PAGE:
, an enterprise mobile management and mobile device management software provider, announced its top five predictions for enterprise mobility in 2011. Based on feedback from Zenprise's more than 350 enterprise customers, industry leaders, and emerging trends, Zenprise predicts that with the phenomenal growth of enterprise mobility, a new paradigm will emerge that unites employees with technology and broader business strategies.
Zenprise's top five predictions for 2011 include:
1. Tablets Usher a Fatal Blow To Laptops:
2011 will be the year that the laptop dies. Tablet computing devices such as the iPad and RIM's PlayBook will begin replacing laptops, particularly by executives who are travelling. Virtual Desktop Infrastructure (VDI) will make it easier to do many tasks traditionally done via laptops. According to Gartner, tablet sales will reach 54.8 million in 2011 and grow to more than 208 million in 2014. The range and diversity of mobile computing devices -- from smartphones and tablets to barcode scanners and card readers -- will escalate in 2011 as will the need for enterprises to manage and secure those devices.
2. iPads Will Trump iPhones in the Enterprise
After consumers raced out in droves to purchase iPhones, they quickly brought those devices to work and requested access to network resources like mail, calendar, and contacts: 2010 was the year of the employee-liable device in the enterprise. Next year the trend will shift to enterprises purchasing and deploying iPads for their employees. Now that enterprises have, for the most part, mobilized their workforce they are looking for ways to mobilize their business. With that comes the need to manage revenue-generating mobile applications as they traverse between customers, partners, and the enterprise. With its larger screen size and greater computing power, the iPad will be the device of choice for enterprises looking to deploy mobile business applications, more so than its iPhone counterpart.
3. Business Applications Reign Supreme
Applications will reign supreme in 2011. Need proof? The wireless industry's biggest tradeshow this fall was rebranded from CTIA Wireless IT and Entertainment to CTIA Enterprise and Applications, signaling a shift from entertainment-focused content to revenue-building line-of-business applications. In the year ahead, you'll also see the creation of a new kind of mobile application, the "microapp," which will enable employees to use their mobile devices for transactions commonly conducted via a company intranet, such as requesting additional business cards, expense approvals, vacation requests, etc.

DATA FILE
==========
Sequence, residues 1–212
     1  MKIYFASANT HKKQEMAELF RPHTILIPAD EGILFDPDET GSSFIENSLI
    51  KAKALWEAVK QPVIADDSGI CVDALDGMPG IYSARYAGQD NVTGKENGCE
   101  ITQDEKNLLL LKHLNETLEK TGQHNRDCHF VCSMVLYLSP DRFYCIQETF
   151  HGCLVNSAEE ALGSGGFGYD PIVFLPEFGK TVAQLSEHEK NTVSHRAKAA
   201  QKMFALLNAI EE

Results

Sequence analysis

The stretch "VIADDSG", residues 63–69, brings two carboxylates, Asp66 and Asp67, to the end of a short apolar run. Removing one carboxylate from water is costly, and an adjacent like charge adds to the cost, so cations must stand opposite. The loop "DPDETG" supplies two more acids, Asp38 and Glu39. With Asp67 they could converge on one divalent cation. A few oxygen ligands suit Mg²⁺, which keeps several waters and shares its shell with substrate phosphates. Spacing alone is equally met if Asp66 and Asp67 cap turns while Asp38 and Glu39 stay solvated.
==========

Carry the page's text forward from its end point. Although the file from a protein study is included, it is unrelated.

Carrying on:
4. Anytime/Anywhere Access Becomes an HR Issue
With the influx of employee-liable mobile devices entering the enterprise, more employees will be connected 24/7 to their work email, including non-exempt (hourly) personnel. Several lawsuits have emerged where employees claimed they were required to use their mobile devices after-hours without pay resulting from the ambiguity of the U.S. Department of Labor and Fair Labor Standards Act on how to handle personal technology in the workplace. In 2011, we anticipate that more employers will implement and enforce corporate policies to create clear guidelines for after-hours work on mobile devices and ensure proper compensation for non-exempt employees.
Organizations of all sizes need a written policy clearly outlining when non-salaried employees are authorized to work overtime. Managers need to be involved in the process. When they see employees working late and not recording or getting paid for their time that knowledge meets the standard of the law and employees must be compensated.
5. Mobile Malware and Compliance Up the Ante on Security
In addition to preventing traditional security threats and vulnerabilities such as malware on devices themselves, mobile security requires defining the policies, rights, and content workers receive on their devices. In 2011, companies will require increasingly sophisticated mobile security solutions that span multiple management layers including the network, device, and application levels.
"The definition of a network endpoint is rapidly evolving -- what used to be limited to desktops and laptops is quickly evolving to encompass devices ranging from smartphones to mobile computing devices," says Jayaram Bhat, CEO of Zenprise. "As a result, mobile management and security in 2011 will require taking a broader, more holistic approach that encompasses the people, the technology, and the business process."